, Volume 517, Issue 1-3, pp 1-13

On the celestite-secreting Acantharia and their effect on seawater strontium to calcium ratios

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Abstract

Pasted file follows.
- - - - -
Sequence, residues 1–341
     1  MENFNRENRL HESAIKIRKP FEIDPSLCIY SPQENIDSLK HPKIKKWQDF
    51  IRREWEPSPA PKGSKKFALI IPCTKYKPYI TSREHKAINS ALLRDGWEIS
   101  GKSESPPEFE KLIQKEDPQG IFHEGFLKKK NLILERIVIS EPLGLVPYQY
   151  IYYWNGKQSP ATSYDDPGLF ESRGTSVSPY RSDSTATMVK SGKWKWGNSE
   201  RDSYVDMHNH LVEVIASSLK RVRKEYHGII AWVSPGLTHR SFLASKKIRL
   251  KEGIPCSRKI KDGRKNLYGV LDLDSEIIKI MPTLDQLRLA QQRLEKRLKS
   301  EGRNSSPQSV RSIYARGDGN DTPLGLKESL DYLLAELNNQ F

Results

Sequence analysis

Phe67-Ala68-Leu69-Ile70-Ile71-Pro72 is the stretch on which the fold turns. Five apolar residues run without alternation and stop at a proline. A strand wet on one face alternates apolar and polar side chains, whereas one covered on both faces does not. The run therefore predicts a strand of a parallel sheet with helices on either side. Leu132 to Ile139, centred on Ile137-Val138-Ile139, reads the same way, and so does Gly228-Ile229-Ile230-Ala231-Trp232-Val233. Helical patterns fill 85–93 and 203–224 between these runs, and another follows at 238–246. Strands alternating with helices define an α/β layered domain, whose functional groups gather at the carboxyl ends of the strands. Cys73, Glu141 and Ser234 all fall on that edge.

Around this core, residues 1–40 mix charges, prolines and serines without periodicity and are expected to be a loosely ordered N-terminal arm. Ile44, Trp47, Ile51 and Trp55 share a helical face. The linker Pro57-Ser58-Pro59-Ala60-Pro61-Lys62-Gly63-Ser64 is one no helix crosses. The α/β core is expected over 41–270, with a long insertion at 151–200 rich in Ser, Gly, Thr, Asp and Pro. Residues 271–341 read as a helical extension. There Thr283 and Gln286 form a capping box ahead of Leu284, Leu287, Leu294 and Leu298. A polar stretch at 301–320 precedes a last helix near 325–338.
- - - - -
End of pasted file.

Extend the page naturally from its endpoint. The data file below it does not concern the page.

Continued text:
Significant variations in the Sr/Ca in waters from the eastern Indian Ocean in the vicinity of Australia, both from the surface and from shallow depth profiles, are documented. The strontium sulfate-secreting protozoans Acantharia, which are common in the upper 400 m of the oceans, especially at low latitudes, contribute substantially to changes in the Sr/Ca of oceanic waters by extracting Sr for the formation of their skeletons. Below such depths, these organisms dissolve and the Sr/Ca of seawater regains its ‘conservative’ nature. This mechanism accounts for some of the variability of the Sr/Ca near the surface of the ocean, but this may still be found at depth as surface waters become entrained at greater depths. It is argued here that the noted Sr/Ca variations may explain discrepancies between coral data sets from different parts of the oceans, and calls for caution when reconstructing sea-surface temperatures from the Sr/Ca of corals.